The Pakistani tourism industry, partnered with security agencies and private companies, has improved greatly. According to Jovago, the top hotel booking and e-commerce site in Pakistan, hotel bookings have increased by 80-90 percent in 2017, compared to the bookings in the previous years. This not only means greater revenue for the hotels and other local businesses but also a significant contribution in the GDP of the country.

The World Travel and Tourism Council (WTTC) estimated that the total contribution of tourism toward Pakistan’s economy was about $19.4 billion or 6.9 percent of the GDP, in 2017. Within a decade, this is projected to rise to $36.1 billion.

Improving tourism in Pakistan is perhaps one of the most viable ways to bring about a more realistic perception of the country’s landscape and population. Pakistan has a lot to offer. It is a county of cultural riches ranging from Gandharan relics to tombs from the Mughal era. It is a country of raging rivers and vast lengths of serene deserts. But, probably most importantly, Pakistan is a country of generous and warm people, who would invite their guests into their homes and serve them with the best food and comfort they can provide.

– Fariha Khalid
Photo: Unsplash

Galapagos tourism reduces povertyTourism can be an important tool for developing countries to reduce domestic poverty. The global industry is responsible for 5 percent of the world’s GDP and helps provide foreign exchange earnings and over 235 million jobs. Many of these jobs belong to the poor in developing countries because of the labor-intensive and low-skill nature of work in the tourism sector.

Tourism’s Impact

Workers can often make $1,000 to $4,000 a year which can help bring workers and their families above the poverty line. Employment can be scarce in some developing countries, which makes tourism a necessary stimulant in otherwise stagnant economies. International arrivals continue to increase each year, which creates an even greater demand for labor.

One developing nation that sustainably benefits from the tourism industry is Ecuador.

Equador and the Galapagos Islands

The Galapagos islands host one of the few remaining natural sanctuaries for marine and bird life such as sea lions, octopi, sharks and flamingos in the world. Many of these species are endemic to the Galapagos, which means that they do not exist anywhere else in the world.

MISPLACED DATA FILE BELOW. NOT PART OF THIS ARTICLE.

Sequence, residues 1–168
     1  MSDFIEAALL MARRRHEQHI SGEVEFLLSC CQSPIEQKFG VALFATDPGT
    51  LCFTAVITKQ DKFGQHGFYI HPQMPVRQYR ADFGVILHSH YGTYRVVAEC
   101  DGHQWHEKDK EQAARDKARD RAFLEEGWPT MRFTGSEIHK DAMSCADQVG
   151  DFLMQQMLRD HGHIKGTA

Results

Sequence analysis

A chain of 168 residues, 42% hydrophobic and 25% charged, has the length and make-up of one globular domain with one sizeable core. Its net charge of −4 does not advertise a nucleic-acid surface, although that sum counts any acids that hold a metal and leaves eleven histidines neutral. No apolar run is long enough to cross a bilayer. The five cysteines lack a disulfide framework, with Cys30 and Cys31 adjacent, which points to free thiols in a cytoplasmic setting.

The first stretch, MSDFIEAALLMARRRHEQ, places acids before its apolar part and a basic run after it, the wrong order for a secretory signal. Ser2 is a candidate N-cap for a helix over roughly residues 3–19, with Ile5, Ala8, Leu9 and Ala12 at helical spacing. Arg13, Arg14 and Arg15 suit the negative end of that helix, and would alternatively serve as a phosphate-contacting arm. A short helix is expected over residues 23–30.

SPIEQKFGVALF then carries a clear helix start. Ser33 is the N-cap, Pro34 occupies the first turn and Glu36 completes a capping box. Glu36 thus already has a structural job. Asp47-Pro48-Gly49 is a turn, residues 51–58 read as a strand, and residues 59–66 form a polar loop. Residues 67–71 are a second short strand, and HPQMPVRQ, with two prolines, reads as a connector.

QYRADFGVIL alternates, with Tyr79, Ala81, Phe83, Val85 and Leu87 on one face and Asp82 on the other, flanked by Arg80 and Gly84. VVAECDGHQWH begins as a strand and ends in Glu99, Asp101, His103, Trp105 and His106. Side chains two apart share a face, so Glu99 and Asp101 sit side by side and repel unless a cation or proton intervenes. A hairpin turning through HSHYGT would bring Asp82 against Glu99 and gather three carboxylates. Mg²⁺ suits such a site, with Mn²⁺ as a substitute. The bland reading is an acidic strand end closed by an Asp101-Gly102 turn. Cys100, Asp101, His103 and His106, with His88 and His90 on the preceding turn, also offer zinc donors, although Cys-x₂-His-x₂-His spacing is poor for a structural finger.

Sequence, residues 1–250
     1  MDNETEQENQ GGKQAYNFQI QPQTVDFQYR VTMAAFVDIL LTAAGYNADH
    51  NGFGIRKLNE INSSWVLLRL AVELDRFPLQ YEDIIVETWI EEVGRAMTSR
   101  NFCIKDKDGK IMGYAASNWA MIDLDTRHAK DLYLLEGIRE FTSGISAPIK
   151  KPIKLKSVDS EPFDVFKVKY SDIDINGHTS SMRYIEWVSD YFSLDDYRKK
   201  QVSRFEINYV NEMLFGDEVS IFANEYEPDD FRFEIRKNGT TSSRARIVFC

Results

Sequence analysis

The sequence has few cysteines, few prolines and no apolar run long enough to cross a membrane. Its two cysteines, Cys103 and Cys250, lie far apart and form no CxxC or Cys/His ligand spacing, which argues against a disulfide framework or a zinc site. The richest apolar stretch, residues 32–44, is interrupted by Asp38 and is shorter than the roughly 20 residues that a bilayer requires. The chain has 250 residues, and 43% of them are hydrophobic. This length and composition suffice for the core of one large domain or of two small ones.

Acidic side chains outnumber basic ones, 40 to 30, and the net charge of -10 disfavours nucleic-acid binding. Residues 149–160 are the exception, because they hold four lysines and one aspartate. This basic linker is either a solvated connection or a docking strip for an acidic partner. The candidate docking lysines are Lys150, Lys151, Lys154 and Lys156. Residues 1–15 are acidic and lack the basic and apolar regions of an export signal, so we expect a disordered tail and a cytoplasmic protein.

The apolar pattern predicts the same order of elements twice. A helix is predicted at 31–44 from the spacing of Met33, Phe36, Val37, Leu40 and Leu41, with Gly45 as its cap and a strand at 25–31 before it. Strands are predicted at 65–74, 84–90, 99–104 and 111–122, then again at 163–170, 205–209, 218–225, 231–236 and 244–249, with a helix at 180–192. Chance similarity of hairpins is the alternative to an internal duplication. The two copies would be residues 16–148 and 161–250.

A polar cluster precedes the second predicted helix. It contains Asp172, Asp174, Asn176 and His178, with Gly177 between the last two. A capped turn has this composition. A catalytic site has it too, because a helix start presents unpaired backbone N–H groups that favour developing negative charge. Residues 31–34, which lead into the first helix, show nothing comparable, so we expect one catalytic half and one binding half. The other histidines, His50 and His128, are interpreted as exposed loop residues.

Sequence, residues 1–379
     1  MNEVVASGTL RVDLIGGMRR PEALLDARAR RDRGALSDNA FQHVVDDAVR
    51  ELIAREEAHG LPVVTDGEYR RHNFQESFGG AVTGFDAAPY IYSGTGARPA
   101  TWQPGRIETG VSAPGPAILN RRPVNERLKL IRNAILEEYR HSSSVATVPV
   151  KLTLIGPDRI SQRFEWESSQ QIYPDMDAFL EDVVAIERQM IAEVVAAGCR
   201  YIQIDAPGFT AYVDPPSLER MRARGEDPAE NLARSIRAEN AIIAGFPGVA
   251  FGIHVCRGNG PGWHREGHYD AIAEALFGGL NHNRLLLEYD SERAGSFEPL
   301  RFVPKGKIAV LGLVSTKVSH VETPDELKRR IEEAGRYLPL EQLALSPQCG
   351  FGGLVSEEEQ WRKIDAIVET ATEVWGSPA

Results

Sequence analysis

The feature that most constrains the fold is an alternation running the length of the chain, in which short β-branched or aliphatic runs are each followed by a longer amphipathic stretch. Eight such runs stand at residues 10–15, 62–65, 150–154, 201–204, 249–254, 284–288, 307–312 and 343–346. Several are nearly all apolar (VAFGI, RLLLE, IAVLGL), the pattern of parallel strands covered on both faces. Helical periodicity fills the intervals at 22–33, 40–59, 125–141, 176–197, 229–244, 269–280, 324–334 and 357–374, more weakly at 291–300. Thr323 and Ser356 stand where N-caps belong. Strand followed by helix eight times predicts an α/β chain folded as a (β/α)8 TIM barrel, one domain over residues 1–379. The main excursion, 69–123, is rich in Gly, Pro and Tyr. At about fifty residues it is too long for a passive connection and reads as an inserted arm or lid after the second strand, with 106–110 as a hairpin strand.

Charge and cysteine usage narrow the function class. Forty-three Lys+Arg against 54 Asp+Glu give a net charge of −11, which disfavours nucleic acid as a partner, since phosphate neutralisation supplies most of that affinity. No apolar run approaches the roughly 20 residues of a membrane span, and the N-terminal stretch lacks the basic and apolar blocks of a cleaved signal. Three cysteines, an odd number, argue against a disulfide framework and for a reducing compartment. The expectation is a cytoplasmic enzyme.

The animal life, geologic activity and lack of development have made the archipelago a premier travel destination for wealthy patrons looking for an expeditionary vacation. The islands continue to gain popularity as the number of visitors has grown from 17,500 in 1980 to over 200,000 in 2012.

The Ecuadorian government has kept pace with growing demand, while still preserving the untouched beauty of the Galapagos by employing a platform of Eco-Tourism.

Eco-Tourism

The World Conservation Union defines Eco Tourism as “responsible travel to natural areas that conserves the environment and sustains the well-being of local people.” The goals of eco-tourism are to capitalize on the economic benefits of tourism while minimizing the negative effects it can have on the environment and local people.

Ecuadorian policymakers have actualized this approach in a manner that has maximized benefits to tourists, the local population and ecosystems alike.

The increasing popularity of the Galapagos islands for tourists has been met with several regulations designed to protect the environment and interests of the local people. The government mandates that cruise ships must be kept in Ecuadorian ports, which incentivizes international cruise liners to staff their boats with locals and purchase supplies from the mainland.

Poverty Reduction

Such occurrences couples the direct benefits of tourist expenditures on the islands with the indirect benefits of employment, trade, transport, construction and social services.

A study by Edward Taylor entitled Ecotourism and Economic Growth in the Galapagos (2006) found that overall tourism generates $200 million in revenues. Meanwhile, the locally-owned hostels have gained more popularity with tourists as a more affordable option to the small cruises.  These hostels expose tourists to local markets and restaurants, which further directs capital flows away from international cruise lines and towards the people of Ecuador.